Wednesday, April 2, 2014

Lay Aside Each Earthly Thing

Some children see Him lily white, The baby Jesus born this night.
Some children see Him lily white, With tresses soft and fair.
Some children see Him bronzed and brown, The Lord of heav'n to earth come down.
Some children see Him bronzed and brown, With dark and heavy hair.

Some children see Him almond-eyed, This Savior whom we kneel beside.
Some children see Him almond-eyed, With skin of yellow hue.
Some children see Him dark as they, Sweet Mary's Son to whom we pray.
Some children see him dark as they, And, ah! they love Him, too!

The children in each different place Will see the baby Jesus' face

Like theirs, but bright with heavenly grace, And filled with holy light.
O lay aside each earthly thing, And with thy heart as offering,
Come worship now the infant King. 'Tis love that's born tonight!

Have you ever heard this unpretentious Christmas carol?  Years ago, my parents had a record with this song on it, and they played it often when I was a kid, back in upstate New York.  I haven't heard it since.

Which, apparently, proves I'm not a James Taylor fan, because when I went searching online for this carol's lyrics, his version of it is all over the Internet.  Originally, however, musician Alfred Burt, the son of an Episcopalian minister, composed it in 1951.

From all of those Christmases as a child, I still remember this carol today, because it reminds me about the dangers of ethnocentrism, even though I had no idea what "ethnocentrism" was when I was little.  It's the song that was running through my head when I commiserated about Son of God, that troublesome movie by Roma Downey.

We white evangelicals of European descent presume that our Savior looked mostly like us.  But aren't our presumptions based more on ethnocentrism than literal reality?  How likely is it that, like Burt's carol, Christ-followers of every ethnicity tend to mentally compose their presumptions of Christ's appearance upon their own?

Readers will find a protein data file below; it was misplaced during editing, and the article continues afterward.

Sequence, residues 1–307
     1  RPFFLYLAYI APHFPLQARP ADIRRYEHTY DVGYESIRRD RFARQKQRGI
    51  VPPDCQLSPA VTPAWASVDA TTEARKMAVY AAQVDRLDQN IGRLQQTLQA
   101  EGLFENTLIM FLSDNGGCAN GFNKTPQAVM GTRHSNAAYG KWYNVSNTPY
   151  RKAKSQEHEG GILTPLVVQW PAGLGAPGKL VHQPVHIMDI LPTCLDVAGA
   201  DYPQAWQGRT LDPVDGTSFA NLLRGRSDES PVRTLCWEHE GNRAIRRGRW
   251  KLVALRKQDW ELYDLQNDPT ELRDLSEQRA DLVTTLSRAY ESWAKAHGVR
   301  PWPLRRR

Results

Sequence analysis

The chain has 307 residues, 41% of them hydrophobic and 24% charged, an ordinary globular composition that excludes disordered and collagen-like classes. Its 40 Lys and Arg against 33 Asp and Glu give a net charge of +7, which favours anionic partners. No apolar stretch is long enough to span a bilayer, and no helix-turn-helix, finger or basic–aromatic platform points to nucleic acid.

Obviously, even though He's immortal, Christ is alive, which means his skin color and ethnicity is fixed, real, and biological.  Being Jewish, with a mother from the southern shores of the Mediterranean, Christ's human characteristics likely tilt towards an olive-toned complexion, with skin a bit darker that an ordinary Caucasian's, and hair more black than brown.  Conventional Asians and Africans probably wouldn't see obvious resemblances to themselves in Christ's appearance, but then again, most whitey-whites like me wouldn't, either.

As I've grown up and matured - well, theoretically, anyway! - I don't really think much about what Christ looks like anymore.  When we're kids, we spend much more time processing such things in our little brains, developing an ability to differentiate between various characteristics, shapes, colors, and such.  We're discovering how we fit into the social environment around us.  Recognizing different ways different people look and act is part of our socialization.

But how much of that process really gets left behind as we mature?  As adults, maybe we Christ-followers care less about what Christ looks like, but again, like Burt's carol, might we mistakenly apply other characteristics to Him that the Bible never tells us He has?